Subject: IWC: Ireland strives to sell contro (fwd)

Mike Williamson (pita@www1.wheelock.edu)
Thu, 23 Oct 1997 15:29:10 -0400 (EDT)

---------- Forwarded message ----------
Date: Thu, 23 Oct 97 02:51:00 GMT 
From: r.mallon1@genie.com
To: marmam@uvvm.uvic.ca, pita@whale.simmons.edu
Subject: Ireland strives to sell contro

Ireland strives to sell controversial whaling plan

    MONACO, Oct 22 (Reuters) - Ireland, seeking to break a
deadlock at the International Whaling Commission (IWC), embarked
on a campaign on Wednesday to sell a controversial plan to lift
a ban on commercial whaling.
     "I'm talking to other commissioners and trying to estimate
how much consensus there is on individual items," Irish whaling
commissioner Michael Canny told Reuters. "I'm still
optimistic."
     Most IWC member governments expressed serious misgivings
about the plan outlined on Tuesday which seems as unpopular with
the anti-whaling camp as it does with whaling nations.
     Canny said he expected to know by the close of the IWC
annual meeting on Friday whether there was enough support to
warrant a formal proposal in time for next year's IWC meeting in
Oman.
     The plan would ban whaling on the high seas but allow some
hunting in coastal areas for local consumption and under the
strict control of the IWC.
     "Scientific whaling" -- killing whales for research as the
Japanese do -- would be phased out.
     Opponents of whaling, such as Britain, Australia and the
United States, reject any move to allow commercial whaling even
though Japan and Norway already defy IWC resolutions and have
stepped up their whaling activities in recent years.
     "It doesn't look like there will be consensus, not at this
stage," said a delegate from one of the anti-whaling countries.
"The whalers are conceding nothing."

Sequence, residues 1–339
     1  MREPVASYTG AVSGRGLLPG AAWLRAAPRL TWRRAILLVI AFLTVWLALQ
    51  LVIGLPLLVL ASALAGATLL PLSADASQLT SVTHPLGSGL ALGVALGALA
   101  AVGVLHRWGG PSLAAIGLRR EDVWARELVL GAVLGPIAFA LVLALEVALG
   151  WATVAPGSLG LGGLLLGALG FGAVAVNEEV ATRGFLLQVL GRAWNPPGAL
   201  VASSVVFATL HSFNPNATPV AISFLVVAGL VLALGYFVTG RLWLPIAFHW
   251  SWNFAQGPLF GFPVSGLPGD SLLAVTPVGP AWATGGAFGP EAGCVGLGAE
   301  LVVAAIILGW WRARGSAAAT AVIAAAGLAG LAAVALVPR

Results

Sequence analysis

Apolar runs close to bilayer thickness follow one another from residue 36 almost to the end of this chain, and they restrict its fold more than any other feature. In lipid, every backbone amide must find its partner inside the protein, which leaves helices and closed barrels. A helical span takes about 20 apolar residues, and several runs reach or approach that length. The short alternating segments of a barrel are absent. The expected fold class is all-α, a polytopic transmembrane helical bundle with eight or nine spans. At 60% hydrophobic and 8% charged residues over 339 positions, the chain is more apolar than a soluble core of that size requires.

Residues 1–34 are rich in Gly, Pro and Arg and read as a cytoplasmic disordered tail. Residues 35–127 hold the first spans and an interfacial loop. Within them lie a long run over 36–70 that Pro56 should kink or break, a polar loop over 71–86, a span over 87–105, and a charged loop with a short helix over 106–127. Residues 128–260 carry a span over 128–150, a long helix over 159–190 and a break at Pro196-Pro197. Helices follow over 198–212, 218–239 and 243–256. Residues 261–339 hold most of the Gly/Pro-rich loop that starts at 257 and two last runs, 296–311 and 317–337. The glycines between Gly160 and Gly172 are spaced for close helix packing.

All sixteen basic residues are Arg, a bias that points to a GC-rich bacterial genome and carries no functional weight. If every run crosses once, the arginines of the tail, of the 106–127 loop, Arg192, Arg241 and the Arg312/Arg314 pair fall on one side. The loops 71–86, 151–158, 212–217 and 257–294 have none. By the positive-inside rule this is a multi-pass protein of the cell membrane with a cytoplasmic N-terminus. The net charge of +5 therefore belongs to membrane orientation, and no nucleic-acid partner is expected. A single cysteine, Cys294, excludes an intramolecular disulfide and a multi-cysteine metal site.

Norway's response has been guarded, but its whalers oppose
any plan limiting consumption of whale meat and products to
local areas. The Norwegians are keen to export whale blubber,
which is not popular domestically but prized in Japan.
     Japan's delegates say the clause banning high seas whaling
contravenes the IWC's mandate to regulate whaling through
regulations designed to preserve whale stocks.
     Canny said Japan also opposes the ban on lethal "scientific
whaling."
     He said the surge inwhale kills, which have tripled since
the start of the decade to 1,043 in the past 12 months, is what
drove Ireland to try and forge a compromise.
     Environmental lobbying groups at the IWC meeting were
divided on the plan, with some saying it was the only realistic
way to bring Norway and Japan back under IWC control.
     They worry that a breakup of the IWC could lead to a revival
in uncontrolled hunting of whales, as a few species have begun
to recover their numbers after three decades of protection.
     Japan and Norway now hunt the relatively small minke, the
only plentiful balleen (toothless) species. The IWC estimates
there are around 760,000 minke whales worldwide.
     Other environmental groups say the plan marks a reversal for
the IWC, which voted a moratorium on commercial whaling in 1982
to study whale stocks and established a huge sanctuary in the
Antarctic, where most of the big whales live, in 1994.
     "The Irish proposal, while good-intentioned, legitimises
illegalwhaling by Japan and Norway and we should not be
rewarding those countries," said Patricia Forkan of the Humane
Society of the United States.